The rate of muscle symptoms with statins was high in the study, but vitamin D had little impact on alleviating patient concerns.
Taking vitamin D does not have a significant impact on statin-associated muscle symptoms (SAMS) nor does it prevent patients from stopping their medication because of muscle pain, according to an analysis of the VITAL study.
Over 5 years of follow-up, the rate of SAMS was 31% in both patients who were taking vitamin D and those who were taking placebo in the US National Heart, Lung, and Blood Institute (NHLBI)-funded trial. The rate of statin discontinuation was 13% in the vitamin D- and placebo-treatment groups.
“These null results in a large, contemporary randomized clinical trial suggest that vitamin D has little, if any, association with preventing SAMS,” writes Mark A. Hlatky, MD (Stanford University School of Medicine, CA), and colleagues in the paper published this week in JAMA Cardiology.
VITAL was a nationwide, randomized, placebo-controlled US trial with a 2×2 factorial design of both vitamin D at a dose of 2000 IU per day and marine n-3 fatty acids at a dose of 1 g per day. The trial, which was published in 2018, showed that neither vitamin D nor n-3 fatty acids, when compared with placebo, reduced the risk of major cardiovascular events or cancer.
With VITAL, researchers say they had a unique opportunity to evaluate whether vitamin D could reduce the risk of SAMS. As part of the trial, new statin users were mailed a survey asking about muscle symptoms, including musculoskeletal pain or discomfort persisting for more than a few days while taking the lipid-lowering therapy. They were also asked if they stopped taking the statins because of the discomfort.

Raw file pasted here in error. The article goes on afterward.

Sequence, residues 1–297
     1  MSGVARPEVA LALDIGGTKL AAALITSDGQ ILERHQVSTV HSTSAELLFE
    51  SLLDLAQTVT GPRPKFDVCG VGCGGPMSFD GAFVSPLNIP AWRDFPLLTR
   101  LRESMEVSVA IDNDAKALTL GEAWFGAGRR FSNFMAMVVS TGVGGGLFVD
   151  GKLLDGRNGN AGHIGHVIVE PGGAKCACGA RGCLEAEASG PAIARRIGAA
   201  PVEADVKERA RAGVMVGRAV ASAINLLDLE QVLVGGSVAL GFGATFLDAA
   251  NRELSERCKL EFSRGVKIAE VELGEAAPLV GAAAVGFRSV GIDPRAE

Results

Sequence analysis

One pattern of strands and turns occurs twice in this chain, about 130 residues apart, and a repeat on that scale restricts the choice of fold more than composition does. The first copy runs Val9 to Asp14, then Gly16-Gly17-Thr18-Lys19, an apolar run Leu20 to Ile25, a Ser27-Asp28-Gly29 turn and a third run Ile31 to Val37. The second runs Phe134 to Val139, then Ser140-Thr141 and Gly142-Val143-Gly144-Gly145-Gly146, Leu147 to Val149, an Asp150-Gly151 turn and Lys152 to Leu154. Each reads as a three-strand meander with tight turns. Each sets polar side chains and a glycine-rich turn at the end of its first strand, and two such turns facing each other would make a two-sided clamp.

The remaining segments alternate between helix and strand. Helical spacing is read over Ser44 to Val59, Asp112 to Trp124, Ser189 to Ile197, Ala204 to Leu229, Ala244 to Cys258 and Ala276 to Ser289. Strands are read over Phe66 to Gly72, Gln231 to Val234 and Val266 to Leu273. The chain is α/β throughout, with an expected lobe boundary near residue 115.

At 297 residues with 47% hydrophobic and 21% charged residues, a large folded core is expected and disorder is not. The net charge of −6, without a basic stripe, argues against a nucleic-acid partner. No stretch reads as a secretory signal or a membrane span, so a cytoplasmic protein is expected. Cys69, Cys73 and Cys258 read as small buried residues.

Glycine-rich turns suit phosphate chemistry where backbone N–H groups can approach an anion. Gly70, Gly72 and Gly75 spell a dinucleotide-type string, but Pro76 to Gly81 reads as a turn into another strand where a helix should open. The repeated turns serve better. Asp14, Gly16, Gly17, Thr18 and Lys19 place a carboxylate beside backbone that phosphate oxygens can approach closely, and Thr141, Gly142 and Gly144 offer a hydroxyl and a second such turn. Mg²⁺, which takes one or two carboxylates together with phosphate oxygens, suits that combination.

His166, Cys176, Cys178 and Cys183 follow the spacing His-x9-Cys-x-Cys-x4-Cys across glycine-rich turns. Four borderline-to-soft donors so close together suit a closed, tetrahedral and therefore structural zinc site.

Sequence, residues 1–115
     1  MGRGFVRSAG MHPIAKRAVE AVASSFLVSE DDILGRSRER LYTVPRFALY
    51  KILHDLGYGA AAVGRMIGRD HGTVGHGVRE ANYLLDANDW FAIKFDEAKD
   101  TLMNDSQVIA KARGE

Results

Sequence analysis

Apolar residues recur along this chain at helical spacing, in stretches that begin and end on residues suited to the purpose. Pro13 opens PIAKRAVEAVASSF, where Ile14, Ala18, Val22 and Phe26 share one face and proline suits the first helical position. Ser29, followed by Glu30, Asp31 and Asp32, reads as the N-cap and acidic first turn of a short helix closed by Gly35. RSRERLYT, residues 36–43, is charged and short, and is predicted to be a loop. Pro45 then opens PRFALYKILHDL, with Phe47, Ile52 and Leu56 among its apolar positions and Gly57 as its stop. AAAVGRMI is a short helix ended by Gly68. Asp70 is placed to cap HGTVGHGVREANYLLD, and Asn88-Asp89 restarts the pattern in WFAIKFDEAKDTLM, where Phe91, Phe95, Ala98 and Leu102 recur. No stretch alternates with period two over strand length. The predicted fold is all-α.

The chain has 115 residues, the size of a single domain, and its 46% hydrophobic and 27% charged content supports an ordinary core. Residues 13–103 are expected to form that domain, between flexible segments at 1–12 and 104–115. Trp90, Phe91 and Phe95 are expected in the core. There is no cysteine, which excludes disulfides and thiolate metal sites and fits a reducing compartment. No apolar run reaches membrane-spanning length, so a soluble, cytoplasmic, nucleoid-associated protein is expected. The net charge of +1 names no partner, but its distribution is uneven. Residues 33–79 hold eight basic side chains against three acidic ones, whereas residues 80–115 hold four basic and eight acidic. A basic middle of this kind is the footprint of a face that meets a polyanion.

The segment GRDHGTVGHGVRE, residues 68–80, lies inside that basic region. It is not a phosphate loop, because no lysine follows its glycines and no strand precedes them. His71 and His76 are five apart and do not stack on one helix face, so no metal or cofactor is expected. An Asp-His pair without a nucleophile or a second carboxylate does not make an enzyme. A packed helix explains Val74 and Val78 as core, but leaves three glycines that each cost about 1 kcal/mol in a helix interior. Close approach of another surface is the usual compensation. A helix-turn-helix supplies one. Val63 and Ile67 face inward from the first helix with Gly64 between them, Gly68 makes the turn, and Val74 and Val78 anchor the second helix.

To TCTMD, Hlatky noted that the rationale for testing vitamin D to treat SAMS was partly based on findings showing that it has some effects on muscle function. There are also studies showing that patients with SAMS have lower levels of vitamin D, he said.
The analysis included 1,033 participants randomized to vitamin D and 1,050 assigned to placebo. In total, muscle symptoms were reported by 317 (31%) and 325 (31%) of patients in the treatment and placebo groups, a nonsignificant difference. Rates of statin discontinuation were also no different. In the two-thirds of patients with measured 25-hydroxy vitamin D (25-OHD) levels, there was no difference in SAMS between the two treatments. The effect of vitamin D with muscle symptoms was similar across baseline 25-OHD levels.
The researchers note that the rate of SAMS was high in VITAL but point out that statin therapy was started by the participants’ physicians and SAMS was not evaluated or treated prospectively.
When it comes to managing patients with statin-related muscle pain, Hlatky said there are other options than vitamin D.
“Since vitamin D is not effective for SAMS, I would recommend the approach in the 2018 ACC/AHA cholesterol guidelines, which is based on stopping [statin therapy] for a period, then restarting with a different agent and/or a lower dose,” he said. “That is often effective.”